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How to Spot (Really) Great Academic Advising

Posted by: Alex Davis, Adjunct, School of Business

Academic Advising director speaking to Meredith students seated at table

As a director of academic advising, I’ll admit I may be biased, but research backs me up: the quality of your college experience is greatly enhanced if you receive good academic advising early and often throughout your program.

The challenge as you go about your college search is that, understandably, most schools talk up their great advising programs! Here I’ll provide some tips as to what effective academic advising actually looks like, along with some questions to ask and characteristics to look for when you’re visiting schools.

Advising that begins before enrollment

Schools and programs should provide accurate information on degree requirements, time to degree, and employment opportunities after graduation. Admissions staff and advisers in program areas should be available to prospective students to discuss these items and answer additional questions. Advising at Meredith begins shortly after a student officially chooses Meredith, then continues through the summer and beyond. During your college search, pay attention to how much a school demonstrates their interest in you as an individual – what your interests are, as well as majors in which you might be interested.

Multi-layered approach to advising

As an aspiring college student, look for multiple layers of advising to ensure the proper level of support is available at any turn your journey may take. For example: will you have an assigned faculty or professional adviser? What is the average number of advisees an adviser is responsible for? Is specialty advising available, such as Honors, Pre-Health, Pre-law, etc. Are there peer-advisers who can offer assistance in social adjustment in addition to academic familiarity? During your college search, ask your admissions counselor whether these specialized types of advising are offered.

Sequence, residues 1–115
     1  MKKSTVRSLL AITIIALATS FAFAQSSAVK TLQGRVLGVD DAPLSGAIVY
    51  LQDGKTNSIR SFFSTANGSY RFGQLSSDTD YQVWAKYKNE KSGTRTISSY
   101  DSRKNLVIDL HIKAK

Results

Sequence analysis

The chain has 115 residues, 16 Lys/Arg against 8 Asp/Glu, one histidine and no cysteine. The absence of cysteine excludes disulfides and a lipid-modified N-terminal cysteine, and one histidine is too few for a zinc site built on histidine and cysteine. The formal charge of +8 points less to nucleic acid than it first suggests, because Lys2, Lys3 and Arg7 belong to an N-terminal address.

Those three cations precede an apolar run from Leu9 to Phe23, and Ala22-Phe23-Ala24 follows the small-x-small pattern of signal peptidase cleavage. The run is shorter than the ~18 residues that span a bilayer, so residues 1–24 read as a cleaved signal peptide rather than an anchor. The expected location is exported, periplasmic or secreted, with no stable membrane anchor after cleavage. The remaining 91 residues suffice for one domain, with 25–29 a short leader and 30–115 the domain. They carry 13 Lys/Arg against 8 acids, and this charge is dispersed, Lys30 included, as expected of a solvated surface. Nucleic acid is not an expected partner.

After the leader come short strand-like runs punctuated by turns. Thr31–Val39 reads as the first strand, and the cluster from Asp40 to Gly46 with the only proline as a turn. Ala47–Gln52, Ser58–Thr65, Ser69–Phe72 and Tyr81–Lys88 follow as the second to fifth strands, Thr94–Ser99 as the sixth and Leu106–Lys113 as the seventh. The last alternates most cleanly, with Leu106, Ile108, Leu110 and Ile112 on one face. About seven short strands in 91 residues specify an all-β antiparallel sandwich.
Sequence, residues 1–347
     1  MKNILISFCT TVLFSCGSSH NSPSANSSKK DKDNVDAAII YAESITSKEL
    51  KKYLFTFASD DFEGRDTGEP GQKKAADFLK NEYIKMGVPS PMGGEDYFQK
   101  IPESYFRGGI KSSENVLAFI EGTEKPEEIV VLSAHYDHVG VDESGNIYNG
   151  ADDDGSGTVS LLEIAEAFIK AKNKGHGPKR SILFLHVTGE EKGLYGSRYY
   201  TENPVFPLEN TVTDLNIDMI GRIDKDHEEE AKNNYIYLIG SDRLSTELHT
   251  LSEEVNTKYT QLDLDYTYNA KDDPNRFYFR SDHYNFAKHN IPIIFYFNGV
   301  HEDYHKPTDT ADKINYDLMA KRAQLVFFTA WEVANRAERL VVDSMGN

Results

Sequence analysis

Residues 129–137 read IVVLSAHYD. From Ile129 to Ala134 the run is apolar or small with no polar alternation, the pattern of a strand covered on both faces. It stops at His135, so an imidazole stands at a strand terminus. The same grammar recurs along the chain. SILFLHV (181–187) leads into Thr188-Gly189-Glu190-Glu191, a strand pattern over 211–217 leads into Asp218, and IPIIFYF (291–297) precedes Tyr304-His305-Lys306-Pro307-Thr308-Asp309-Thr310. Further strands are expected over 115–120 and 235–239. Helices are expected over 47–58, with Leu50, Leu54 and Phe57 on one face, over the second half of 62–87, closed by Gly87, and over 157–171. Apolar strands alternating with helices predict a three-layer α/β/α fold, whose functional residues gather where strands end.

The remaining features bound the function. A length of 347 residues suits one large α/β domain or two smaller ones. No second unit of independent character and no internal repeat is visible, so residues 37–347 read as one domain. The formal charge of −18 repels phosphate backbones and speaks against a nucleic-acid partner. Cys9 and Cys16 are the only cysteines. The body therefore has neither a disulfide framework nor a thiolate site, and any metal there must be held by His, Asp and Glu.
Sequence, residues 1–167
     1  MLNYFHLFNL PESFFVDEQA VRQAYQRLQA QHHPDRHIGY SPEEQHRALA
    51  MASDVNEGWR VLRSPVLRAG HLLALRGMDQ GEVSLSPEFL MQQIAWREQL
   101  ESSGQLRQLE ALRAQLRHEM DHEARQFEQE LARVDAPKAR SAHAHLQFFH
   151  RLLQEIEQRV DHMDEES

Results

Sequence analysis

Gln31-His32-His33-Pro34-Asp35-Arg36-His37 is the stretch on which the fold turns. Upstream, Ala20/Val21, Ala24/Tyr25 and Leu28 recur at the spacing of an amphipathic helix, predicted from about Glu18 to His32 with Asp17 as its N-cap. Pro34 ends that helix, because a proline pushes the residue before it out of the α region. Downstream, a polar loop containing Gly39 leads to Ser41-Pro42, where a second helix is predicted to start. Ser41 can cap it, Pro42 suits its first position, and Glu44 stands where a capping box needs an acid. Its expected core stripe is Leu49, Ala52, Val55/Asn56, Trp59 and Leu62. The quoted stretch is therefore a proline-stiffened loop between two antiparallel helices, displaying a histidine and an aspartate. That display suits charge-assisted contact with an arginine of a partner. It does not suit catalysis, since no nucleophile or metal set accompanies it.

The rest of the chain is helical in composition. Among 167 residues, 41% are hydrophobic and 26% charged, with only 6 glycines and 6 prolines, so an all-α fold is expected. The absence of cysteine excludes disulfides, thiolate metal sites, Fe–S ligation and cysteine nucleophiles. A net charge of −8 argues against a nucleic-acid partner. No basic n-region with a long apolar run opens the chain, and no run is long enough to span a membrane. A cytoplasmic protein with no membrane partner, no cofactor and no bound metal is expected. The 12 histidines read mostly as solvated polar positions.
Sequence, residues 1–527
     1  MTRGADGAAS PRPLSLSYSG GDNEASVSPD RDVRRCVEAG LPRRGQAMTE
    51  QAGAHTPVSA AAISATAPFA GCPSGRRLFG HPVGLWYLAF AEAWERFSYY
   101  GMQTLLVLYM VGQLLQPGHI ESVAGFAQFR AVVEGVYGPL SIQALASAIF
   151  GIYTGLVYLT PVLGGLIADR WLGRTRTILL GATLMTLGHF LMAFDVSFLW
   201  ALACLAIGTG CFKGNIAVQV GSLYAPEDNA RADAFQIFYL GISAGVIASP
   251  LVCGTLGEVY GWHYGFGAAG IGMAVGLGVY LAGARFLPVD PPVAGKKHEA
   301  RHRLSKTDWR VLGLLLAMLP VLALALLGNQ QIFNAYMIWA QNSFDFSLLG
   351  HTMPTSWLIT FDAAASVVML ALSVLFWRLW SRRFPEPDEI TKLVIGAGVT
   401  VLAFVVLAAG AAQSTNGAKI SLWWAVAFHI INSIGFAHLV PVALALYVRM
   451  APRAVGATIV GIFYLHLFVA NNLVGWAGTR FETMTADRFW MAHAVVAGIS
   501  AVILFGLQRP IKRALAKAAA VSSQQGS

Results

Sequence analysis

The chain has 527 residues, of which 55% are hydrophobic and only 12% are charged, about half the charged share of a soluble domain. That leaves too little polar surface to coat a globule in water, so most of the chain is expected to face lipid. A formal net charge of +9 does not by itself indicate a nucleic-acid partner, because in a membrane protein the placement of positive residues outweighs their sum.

Advisers who connect their students to resources

More than simply helping you choose classes each semester, advisers should learn as much as they can about you – your interests, aspirations, perspectives, etc. Advisers should help you leverage every resource the institution provides. Meredith faculty advisers are required to have been on campus for at least one year prior to advising students. This prepares advising faculty to be an effective resource for their students. When you interact with faculty during college visits, ask them whether they advise students and, if so, talk to them about how the process works at their particular school.

Advisers who seek meaningful relationships

Depending on the size of the school you attend, advising may be the only recurring interaction you have during your time on campus. Creating a close connection fosters a comfortable, supportive quality of life on campus. At Meredith, we use the latest in advising technology to make the process as efficient as possible. This leaves advisers with more time to have in-depth conversations with students. Good faculty advisers are often acknowledged by graduating seniors as being the greatest positive influence on their academic experience.

Advising that broadly defines academic planning

Advisers will help you select courses, but beyond that advisers should encourage you to take advantage of personal and academic opportunities while understanding how each fit into the “big picture” of a college education. They should help you identify and apply for experiences like study abroad, undergraduate research, internships, and service opportunities. For instance, first-year students at Meredith create academic plans as part of the First Year Experience course. Many of our students double major, have multiple minors, and study abroad. Academic planning makes this possible and gives students ownership of their undergraduate experience.

Some institutions are better than others at supporting diverse student ability and helping you achieve success in college. As you go about your college search, I encourage you to ask questions about academic advising. Specifically, look for advising that is individualized, flexible, and attentive to your specific needs and goals as they inevitably evolve.

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